On some questions related to generalized polynomial chaos expansions

Generalized polynomial chaos expansions are series expansions of random variables or random functions using orthogonal polynomials in certain basic random variables. They are a versatile tool for efficiently working with stochastic quantities. So, recently they are widely used for the investigation of stochastic models, for uncertainty quantification methods or stochastic simulation purposes. In particular, recent approaches for the solution of ordinary or partial differential equations with random parameters often use certain versions of generalized polynomial chaos expansions. In the talk basic definitions and properties of generalized polynomial chaos expansions are presented. Furthermore some problems are considered which are related to convergence properties or algebraic transformations of generalized polynomial chaos expansions.
The talk is based on joint work with A. Mugler (BTU Cottbus) and O. Ernst and B. Sprungk (TU Chemnitz).

Dienstag, 23. 04. 2013, 11:00 Uhr (HVP 11a, 4.13)

M. Rother   (Otto-von-Guericke-Universität Magdeburg)
Eine Reise ins Ich und zurück in 20 Minuten

Der vorgesehene Vortrag soll den Bewerber vorstellen und das Aufgabengebiet seiner Tätigkeit während der ersten Arbeitsstelle nach dem Studium umreißen. Im ersten Teil der Präsentation stellt sich der Bewerber kurz vor und beschreibt persönliche Interessen für fachliche Vertiefungsgebiete. Der fachliche und zweite Vortragsteil wird sich mit der mathematischen Handhabung von nicht-lokalen Evolutionen von Populationsbilanzen beschäftigen. Solche Gleichungen findet man zum Beispiel in der Biolaborforschung. Dort kann man verteilte Größen messen, die wiederum modellhaft die Virusausinfektion in Zellkulturen beschreiben. Das Hauptproblem liegt in der Entwicklung einer stabilen und effizienten numerischen Methode zur Approximation der Gleichungen in mehr als 3 Dimensionen (angestrebt sind 6 bis 10).

und 13:30 Uhr (ESH)

Prof. J. Wensch   (TU Dresden)
Efficient time integration methods for the compressible Euler equations in atmospheric dynamics

The simulation of atmospheric dynamics is an important issue in Numerical Weather Prediction. It relies on the numerical solution of the Euler equations. These equations exhibit phenomena on different temporal scales. In the lower troposphere sound waves propagate approximately ten times faster than the advective waves. We use a spatial discretization based on finite volumes. An approach to overcome the CFL restriction caused by sound waves are split-explicit methods. By multirate techniques the terms relevant for sound waves are integrated by small time steps with a cheap time integration procedure, whereas the slow processes are solved by an underlying Runge-Kutta method using a larger macro step size. The analysis of these methods is based on the interpretation as an exponential or Lie group integrator. We construct methods based on TVD-RK schemes and discuss order and stability properties. Numerical simulation results for established benchmark problems are given.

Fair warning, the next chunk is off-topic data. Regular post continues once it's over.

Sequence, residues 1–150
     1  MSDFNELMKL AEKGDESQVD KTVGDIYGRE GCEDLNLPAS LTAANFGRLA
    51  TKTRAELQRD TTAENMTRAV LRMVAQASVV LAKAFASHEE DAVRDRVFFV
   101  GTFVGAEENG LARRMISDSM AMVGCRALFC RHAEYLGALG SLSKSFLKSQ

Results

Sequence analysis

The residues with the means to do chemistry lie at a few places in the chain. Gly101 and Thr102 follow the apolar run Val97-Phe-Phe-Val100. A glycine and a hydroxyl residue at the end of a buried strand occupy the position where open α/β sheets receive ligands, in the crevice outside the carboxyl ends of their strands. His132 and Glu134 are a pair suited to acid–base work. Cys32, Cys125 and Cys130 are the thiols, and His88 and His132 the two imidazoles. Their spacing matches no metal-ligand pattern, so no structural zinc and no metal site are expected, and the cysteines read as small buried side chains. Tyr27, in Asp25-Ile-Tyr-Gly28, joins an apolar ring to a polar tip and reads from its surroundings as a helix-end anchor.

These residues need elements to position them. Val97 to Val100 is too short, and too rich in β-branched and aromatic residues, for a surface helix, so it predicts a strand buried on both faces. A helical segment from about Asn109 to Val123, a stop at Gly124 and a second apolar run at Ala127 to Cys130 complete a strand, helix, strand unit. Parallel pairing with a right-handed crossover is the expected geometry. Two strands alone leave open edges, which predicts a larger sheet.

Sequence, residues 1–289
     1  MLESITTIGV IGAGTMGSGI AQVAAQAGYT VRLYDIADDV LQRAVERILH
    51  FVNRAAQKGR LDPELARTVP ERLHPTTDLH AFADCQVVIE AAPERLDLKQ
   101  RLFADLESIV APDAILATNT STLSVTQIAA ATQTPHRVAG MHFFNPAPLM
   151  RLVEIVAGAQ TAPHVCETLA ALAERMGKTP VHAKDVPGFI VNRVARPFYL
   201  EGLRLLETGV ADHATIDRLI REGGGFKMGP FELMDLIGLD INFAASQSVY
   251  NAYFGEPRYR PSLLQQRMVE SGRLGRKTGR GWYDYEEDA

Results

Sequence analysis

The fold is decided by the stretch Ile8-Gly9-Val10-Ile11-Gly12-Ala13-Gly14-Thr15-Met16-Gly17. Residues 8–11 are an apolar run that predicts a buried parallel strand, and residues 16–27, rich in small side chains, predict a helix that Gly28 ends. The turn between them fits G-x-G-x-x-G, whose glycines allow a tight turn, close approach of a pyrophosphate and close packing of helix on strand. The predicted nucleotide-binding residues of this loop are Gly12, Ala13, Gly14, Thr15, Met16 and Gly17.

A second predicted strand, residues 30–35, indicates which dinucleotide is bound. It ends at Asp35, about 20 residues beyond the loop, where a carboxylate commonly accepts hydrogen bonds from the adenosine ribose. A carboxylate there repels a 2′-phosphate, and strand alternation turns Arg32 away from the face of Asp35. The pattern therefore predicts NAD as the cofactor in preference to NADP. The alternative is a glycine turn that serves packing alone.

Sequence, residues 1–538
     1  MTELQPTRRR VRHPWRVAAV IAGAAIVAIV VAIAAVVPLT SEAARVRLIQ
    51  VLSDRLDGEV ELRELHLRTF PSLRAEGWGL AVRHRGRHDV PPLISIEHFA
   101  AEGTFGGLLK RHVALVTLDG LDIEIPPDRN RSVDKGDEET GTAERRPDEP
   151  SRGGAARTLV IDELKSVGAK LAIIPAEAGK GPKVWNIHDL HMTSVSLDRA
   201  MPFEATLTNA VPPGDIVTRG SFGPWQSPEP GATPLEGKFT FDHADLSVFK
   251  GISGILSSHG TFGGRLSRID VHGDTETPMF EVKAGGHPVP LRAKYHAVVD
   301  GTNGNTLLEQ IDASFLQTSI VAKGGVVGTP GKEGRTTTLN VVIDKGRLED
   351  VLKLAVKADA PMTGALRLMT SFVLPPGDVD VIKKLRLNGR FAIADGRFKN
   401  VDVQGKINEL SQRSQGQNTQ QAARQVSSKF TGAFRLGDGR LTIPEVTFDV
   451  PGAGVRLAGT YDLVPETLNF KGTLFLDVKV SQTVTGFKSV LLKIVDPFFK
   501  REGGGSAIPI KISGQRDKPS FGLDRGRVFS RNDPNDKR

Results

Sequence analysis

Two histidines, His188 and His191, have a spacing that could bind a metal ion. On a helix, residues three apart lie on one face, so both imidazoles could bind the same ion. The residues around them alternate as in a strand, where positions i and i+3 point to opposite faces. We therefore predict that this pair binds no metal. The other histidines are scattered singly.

Donnerstag, 18. 04. 2013, 14:00 Uhr (ESH)

M. Schmuck   (Imperial College London)
Upscaling of ionic transport equations in strongly heterogeneous media and finite element approximations

We consider the well-accepted Nernst-Planck-Poisson equations  for the description of ionic transport and electrokinetic phenomena such as electro-phoresis and -osmosis. Applications range from designing microfluidic devices, energy storage devices, and semiconductors to emulating communication in biological cells by synthetic nanopores. Based on this classical description, we derive a new effective macroscopic set of equations [1,2,3] which describe binary symmetric electrolytes in porous and strongly heterogeneous media. Heterogeneous materials naturally induce corrected transport parameters which we call ''material tensors''. Our systematic and well-accepted upscaling strategy by homogenization gives a reliable understanding on the influence of the micro-geometry on the macroscale. The new equations provide an essential computational advantage by a strong reduction of the degrees of freedom in comparison to the classical description which requires a full resolution of the pore geometry and hence a high-dimensional resolution of the problem. For the classical descritpion, we briefly present a linear finite element scheme [4,5] that is reliable in the sense that discrete solutions conserve mass, are non-negative and bounded, and converge towards weak solutions. Finally, we can qualitatively and quantitatively characterize the suitability of the new upscaled equations for specific applications by error estimates  which compare the exact microscopic solution with the solution of the new effective transport equations.
References:
 M. Schmuck, A new upscaled Poisson-Nernst-Planck system for strongly oscillating potentials, J. Math. Phys. 54:021504 (2013).
 M. Schmuck, First error bounds for the porous media approximation of the Poisson-Nernst-Planck equations, Z. angew. Math. Mech. 92:304-319 (2012).
 M. Schmuck and P. Berg, Homogenization of a catalyst layer model for periodically distributed pore geometries in PEM fuel cells, Appl. Math. Res. Express. 2013(1):57-78 (2012).
 A. Prohl and M. Schmuck, Convergent finite element discretizations of the Navier-Stokes-Nernst-Planck-Poisson system, ESAIM, Math. Model. Numer. Anal. 44(3):531-571 (2010).